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When And How to Conduct a Fire watch

Posted by Erica Leavitt on Sep 27, 2018 2:35:49 AM

It can be a  overwhelming when the fire marshal requires you to provide a fire watch for your building. Fire watches are often misunderstood and are an underappreciated fire prevention technique. But truthfully, performing one is fairly simple and if organized properly, it should be painless.

Why would I need a fire watch?


A fire watch is usually required for one of four reasons:

  1. The building’s fire alarm, fire sprinkler, or fire suppression system is out of order or an outage is preplanned for a period to exceed four hours. The fire marshal often requires notification for conditions like these. *Check with your local AHJ (Authority Having Jurisdiction) for local requirements.
  2. Hot work is occurring in the building. Hot work includes welding, using a torch, or other spark or flame producing work. Many building fires have been ignited by activities considered hot work.
  3. During demolition of a building during certain hazardous activities similar to hot work.
  4. Dense crowds in a building requiring extra precautions. Some public assembly buildings are required to conduct fire watches during events for extra crowd protection.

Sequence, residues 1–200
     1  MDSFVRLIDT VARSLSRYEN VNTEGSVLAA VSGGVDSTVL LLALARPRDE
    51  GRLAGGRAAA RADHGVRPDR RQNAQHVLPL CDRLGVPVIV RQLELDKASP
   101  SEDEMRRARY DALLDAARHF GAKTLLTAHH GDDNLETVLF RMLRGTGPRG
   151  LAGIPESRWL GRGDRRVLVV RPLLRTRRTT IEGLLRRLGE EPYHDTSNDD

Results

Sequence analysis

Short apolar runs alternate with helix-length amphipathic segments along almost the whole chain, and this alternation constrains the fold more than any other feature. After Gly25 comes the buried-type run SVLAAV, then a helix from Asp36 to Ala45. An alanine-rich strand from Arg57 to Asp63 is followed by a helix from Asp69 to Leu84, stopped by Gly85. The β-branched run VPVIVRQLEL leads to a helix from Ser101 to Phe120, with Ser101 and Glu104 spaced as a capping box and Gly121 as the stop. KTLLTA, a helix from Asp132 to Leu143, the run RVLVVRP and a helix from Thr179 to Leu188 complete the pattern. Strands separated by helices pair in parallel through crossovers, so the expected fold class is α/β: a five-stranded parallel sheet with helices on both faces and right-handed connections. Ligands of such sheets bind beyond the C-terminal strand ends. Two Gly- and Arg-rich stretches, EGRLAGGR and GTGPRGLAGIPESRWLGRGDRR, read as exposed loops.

How do I conduct a fire watch?

A fire watch consists of one or more qualified persons performing these functions:

  •         Keeping diligent watch for fires
  •         Preventing fire ignition sources
  •         Ensuring adequate means of egress and removing obstructions to egress as necessary
  •         Promptly remediating hazards that are found
  •         Being prepared to contact the fire department
  •         Being ready to extinguish any fires using a portable fire extinguisher or hose
  •         Warning the occupants of any hazardous conditions requiring evacuation


How do I organize a fire watch?

It’s important to take the time to properly organize a fire watch.  The fire watch should cover the building in a systematic manner on a recurring basis, usually covering the whole building every hour. The only exception is in the cases of hot work, then only the portion of the building exposed to the hazard would need to be watched. Part of being organized is keeping records of the fire watch occurring. For a useful form to use as part of your fire watch download our recommended form here.

Fire watch rules and enforcement vary between cities and enforcing officials, but in general for system outages something is going to be required. The other option is to vacate the building during an outage, but that is rarely a popular choice.  But yes, if the fire marshal requires a fire watch, you’re going to have to do it.

When should a fire watch be terminated?

The answer depends on the reason for the watch. For system outages the watch can be finished after the affected system is restored to service. For hot work and construction-related watches the rule of thumb is the watch can be finished a half hour after the hot work is completed. For watches required during large crowd events the watch can be ceased after the event has ended and the crowd has left.

More useful information on fire watches can be found in the International Fire Code and NFPA 1, Fire Code.

For other questions about fire watches and what system outages might require one, you can contact us here.

Topics: Data Sheets


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